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13 April, 1919, Amritsar.

The venue was Jallianwala Bagh, a park enclosed by


walls on three sides, with just one exit point via an obscure, narrow lane. A
shootout was ordered by Brigadier General Reginald E. H. Dyer, who later on
faced a tribunal and was removed from service. He had emptied all the
ammunition in ten minutes, firing 1,650 rounds (approximately), killing
thousands who hardly figure in the 'official statistics' given out by the British
Government or even the Indian National Congress.
It was a Sunday. Some 15,000 20,000 people assembled at Jallianwala Bagh to
celebrate Baisakhi Purnima. It's true that meetings had been banned in view of a
probable insurgency, but a peaceful gathering (women, children and aged people
included) couldn't have been a 'threat' for the well equipped Angrez Police.
Rabindranath Tagore got to know the details by 22 May, 1919. The mass media
kept mum and whatever reportage was given out was heavily 'censored' or
distorted. Tagore had a tough time figuring out what's what. None of his political
acquaintances, seemed to be as bothered as him about the hapless lot facing the
gun. There had been no word of caution or warning from General Dyre. The force
positioned itself in practiced silence and opened fire gunning down even those
who tried escaping by climbing the walls as the only available option.
Some of the people survived. They were instructed to walk on their knees and
hands like four legged animals and paraded naked in broad day light. Men and
women. Alike
In his agitated state of mind Rabindranath (an insomniac anyway) lost whatever
little sleep he could catch up with.
After distraught attempts to get concrete news, arrange meetings and lead
organized protests failed (his friend Deshbandhu Chittaranjan Das was helpless
too), Tagore dashed off an overnight letter to the Viceroy, Lord Chelmsford on
May 30, 1919 requesting to be kindly relieved of the burden of his knighthood.
The Tagore family had been directly associated with the Indian National Congress
and the freedom movement in general. Rabindranath used to be part of the
annual sessions of Congress. But after Jallianwala Bagh, the senior Congress
leadership refused to convene a protest session in Kolkata as they felt it would
be too abrupt. This also helped them avoid issuing an 'official' statement of
condemnation or formulate policies to act accordingly.
It's a new millennium altogether. An independent India, living through political
criminalization, corporate scams, land grabbing and state sponsored terrorism
appeals to reason in utter futility. Gunmen annihilating co-citizens at a single nod
of affirmation, 'communists' killing communists, industry-wallahs banishing
farmers, and netas combing out 'tribals' from their forest home lands don't
make for a good democracy. Something has severely gone wrong with us.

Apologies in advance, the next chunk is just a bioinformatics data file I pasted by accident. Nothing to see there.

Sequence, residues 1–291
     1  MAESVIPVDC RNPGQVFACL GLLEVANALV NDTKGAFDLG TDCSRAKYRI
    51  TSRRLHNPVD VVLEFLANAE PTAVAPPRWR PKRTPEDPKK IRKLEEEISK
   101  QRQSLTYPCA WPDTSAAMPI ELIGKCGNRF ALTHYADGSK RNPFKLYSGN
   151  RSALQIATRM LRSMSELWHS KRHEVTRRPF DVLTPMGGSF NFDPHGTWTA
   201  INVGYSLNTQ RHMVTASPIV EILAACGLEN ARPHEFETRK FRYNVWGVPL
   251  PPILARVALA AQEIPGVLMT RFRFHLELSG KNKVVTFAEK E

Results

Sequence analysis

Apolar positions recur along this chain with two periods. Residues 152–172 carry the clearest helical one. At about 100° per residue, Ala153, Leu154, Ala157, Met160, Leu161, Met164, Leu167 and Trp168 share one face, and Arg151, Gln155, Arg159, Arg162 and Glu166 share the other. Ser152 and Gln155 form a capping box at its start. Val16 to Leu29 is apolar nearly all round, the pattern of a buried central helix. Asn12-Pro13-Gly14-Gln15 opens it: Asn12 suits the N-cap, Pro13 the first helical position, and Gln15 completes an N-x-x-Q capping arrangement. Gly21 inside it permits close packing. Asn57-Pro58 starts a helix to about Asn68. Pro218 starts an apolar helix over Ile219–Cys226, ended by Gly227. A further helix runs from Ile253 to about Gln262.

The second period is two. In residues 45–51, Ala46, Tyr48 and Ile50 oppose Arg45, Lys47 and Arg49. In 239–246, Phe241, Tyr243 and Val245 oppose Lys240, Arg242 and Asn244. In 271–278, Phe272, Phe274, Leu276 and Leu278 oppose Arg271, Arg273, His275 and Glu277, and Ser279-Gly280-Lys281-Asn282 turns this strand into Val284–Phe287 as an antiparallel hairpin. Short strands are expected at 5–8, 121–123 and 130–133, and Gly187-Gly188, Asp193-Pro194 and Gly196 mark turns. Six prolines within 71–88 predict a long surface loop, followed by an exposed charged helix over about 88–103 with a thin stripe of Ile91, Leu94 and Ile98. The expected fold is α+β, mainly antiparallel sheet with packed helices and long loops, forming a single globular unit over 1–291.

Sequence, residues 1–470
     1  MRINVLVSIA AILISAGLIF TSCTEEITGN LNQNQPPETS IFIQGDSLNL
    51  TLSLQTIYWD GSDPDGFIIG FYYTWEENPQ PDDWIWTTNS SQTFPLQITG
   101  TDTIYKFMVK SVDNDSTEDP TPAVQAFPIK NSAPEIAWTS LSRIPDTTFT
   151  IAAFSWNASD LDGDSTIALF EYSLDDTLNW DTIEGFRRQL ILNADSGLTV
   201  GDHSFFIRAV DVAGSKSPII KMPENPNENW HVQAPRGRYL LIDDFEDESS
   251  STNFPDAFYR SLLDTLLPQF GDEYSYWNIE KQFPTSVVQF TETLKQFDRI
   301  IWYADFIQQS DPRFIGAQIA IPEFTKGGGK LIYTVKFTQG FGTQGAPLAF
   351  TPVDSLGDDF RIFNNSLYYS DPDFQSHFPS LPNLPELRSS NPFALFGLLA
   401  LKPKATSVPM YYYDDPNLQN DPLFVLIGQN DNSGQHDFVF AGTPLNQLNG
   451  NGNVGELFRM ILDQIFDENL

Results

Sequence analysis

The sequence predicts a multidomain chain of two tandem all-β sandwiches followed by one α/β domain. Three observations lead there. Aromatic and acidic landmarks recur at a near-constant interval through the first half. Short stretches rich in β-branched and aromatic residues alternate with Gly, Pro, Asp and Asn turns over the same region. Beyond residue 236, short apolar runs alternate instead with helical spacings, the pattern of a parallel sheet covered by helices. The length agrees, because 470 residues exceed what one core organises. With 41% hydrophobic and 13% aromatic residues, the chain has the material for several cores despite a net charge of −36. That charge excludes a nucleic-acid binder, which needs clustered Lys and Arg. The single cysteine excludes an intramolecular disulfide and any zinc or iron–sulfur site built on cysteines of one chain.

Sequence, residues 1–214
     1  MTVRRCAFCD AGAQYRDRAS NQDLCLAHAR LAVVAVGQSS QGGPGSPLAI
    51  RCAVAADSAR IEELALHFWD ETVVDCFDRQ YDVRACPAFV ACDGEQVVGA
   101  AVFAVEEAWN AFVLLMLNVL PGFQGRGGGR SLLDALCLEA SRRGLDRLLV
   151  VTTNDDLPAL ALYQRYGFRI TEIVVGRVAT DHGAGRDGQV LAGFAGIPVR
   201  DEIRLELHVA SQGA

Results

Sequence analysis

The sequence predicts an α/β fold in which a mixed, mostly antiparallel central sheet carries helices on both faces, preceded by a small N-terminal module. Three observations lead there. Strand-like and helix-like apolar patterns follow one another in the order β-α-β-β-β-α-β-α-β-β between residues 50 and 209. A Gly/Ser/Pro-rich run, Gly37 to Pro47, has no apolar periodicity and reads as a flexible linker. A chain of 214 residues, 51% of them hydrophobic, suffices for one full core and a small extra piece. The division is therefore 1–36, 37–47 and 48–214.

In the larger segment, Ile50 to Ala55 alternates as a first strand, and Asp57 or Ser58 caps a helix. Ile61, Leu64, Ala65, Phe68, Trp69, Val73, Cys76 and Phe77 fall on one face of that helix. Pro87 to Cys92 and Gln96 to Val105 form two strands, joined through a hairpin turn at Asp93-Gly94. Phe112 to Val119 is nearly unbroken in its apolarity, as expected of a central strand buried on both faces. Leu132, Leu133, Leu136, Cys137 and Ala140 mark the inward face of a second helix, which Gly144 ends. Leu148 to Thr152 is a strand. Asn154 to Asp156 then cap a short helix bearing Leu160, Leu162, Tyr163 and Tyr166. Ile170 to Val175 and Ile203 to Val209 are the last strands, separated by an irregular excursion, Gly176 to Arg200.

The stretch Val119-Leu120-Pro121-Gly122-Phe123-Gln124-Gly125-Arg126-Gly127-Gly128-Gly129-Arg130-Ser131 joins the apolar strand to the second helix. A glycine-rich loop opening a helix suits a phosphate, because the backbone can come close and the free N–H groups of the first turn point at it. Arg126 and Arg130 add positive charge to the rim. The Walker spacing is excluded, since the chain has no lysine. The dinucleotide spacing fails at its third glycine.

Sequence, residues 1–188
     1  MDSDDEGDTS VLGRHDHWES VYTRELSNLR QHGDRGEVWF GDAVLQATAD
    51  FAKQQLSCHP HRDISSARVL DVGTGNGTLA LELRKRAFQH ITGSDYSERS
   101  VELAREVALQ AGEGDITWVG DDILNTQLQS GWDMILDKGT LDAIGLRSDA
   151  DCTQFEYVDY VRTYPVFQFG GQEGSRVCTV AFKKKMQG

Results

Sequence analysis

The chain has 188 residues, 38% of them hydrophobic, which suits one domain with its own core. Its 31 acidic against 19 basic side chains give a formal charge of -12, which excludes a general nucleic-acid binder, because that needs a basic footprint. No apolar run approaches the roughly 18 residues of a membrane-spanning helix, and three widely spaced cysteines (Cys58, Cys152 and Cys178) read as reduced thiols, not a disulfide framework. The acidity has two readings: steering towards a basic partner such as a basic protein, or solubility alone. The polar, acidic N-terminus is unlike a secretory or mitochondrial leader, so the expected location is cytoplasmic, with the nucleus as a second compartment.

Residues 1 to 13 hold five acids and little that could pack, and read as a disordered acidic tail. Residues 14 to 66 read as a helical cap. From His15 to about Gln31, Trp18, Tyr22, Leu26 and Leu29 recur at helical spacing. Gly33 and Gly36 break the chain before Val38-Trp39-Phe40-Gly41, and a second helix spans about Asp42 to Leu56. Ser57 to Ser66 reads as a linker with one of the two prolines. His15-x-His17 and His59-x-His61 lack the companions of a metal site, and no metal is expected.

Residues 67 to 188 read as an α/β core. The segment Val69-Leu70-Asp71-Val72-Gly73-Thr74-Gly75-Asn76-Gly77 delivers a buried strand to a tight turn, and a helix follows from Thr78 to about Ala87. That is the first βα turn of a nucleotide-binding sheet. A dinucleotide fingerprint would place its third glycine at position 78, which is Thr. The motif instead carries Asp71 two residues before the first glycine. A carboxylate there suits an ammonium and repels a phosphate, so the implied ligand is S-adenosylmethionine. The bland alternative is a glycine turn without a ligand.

Somewhere. With 'counter insurgency' being the order of the day, would Tagore's
letter make any difference today, particularly when he has been repeatedly

classified as 'BOORJOWA KOBI' (i.e. bourgeois poet) or the 'Queen's loyalist' !


May be his letter to Lord Chelmsford could help us think better.
Rabindranath, a name that echoes with art, literature, history, culture,
nationalism, has expressed his rage and regrets against the tyranny and
oppression against the British rule in India by his letter to Lord Chelmsford in
1919.

In 1915 Tagore received the prestigious award of Knighthood by the British King
George V in recognition of his literary talents. But he rejected the title in 1919 as
a protest against the Massacre of Amritsar, where British troops killed some 400
Indian demonstrators. The rejection of the title is one of the most important
events in history that shows his nationalism. The massacre in Jalianwallahbag of
Amritsar took place on 13 April 1919. Tagores reaction to the event was full of
rage. On 31 May in 1919, Tagore wrote his most famous letter to Lord
Chelmsford, the Viceroy of India, rejecting his Knighthood.
Tagore was greatly shocked at the brutality of the British rulers. His reaction
against the mass killings by the British force to the disarmed and resourceless
people created a blow in history. According to Rabindranath Tagore, the massacre
appeared to him the helplessness and the inhumanity of the Indians under the
British colonial rule
The disproportionate severity of the punishments inflicted upon the unfortunate
people and the methods of carrying them out, we are convinced, are without
parallel in the history of civilised governments, barring some conspicuous
exceptions, recent and remote.
Tagore was highly moved by the sufferings of the Indian people at the hands of
the British rulers. He looked at the event critically and said that such brutal event
did not have any logic. It neither had political expediency nor moral
justification. The impact of the massacre was immense and he has a given a
description of it
Accounts of insults and sufferings undergone by our brothers in the Punjab
have trickled through the gagged silence, reaching every corner of India.
He was also disappointed when Anglo-Indian newspapers praised the brutality.
There were protests from every corner in India. Rabindranath wanted to express
his feeling with the common people. He thought that rejecting Knighthood will
give a strong reply to the misdoings and brutality of the British empire in the
mass killing.
The letter rejecting knighthood truly shows Tagores patriotism. He goes against
British colonialism and points out the wrong doings and brutal actions to
common people of India. His rejection of Knighthood was one of the instances of
indicating the tyranny of British rule in India. His letter rejecting Knighthood is

the testimony of protest against British empire. The words of the letter will
remind us his fierce voice against oppression by the British.

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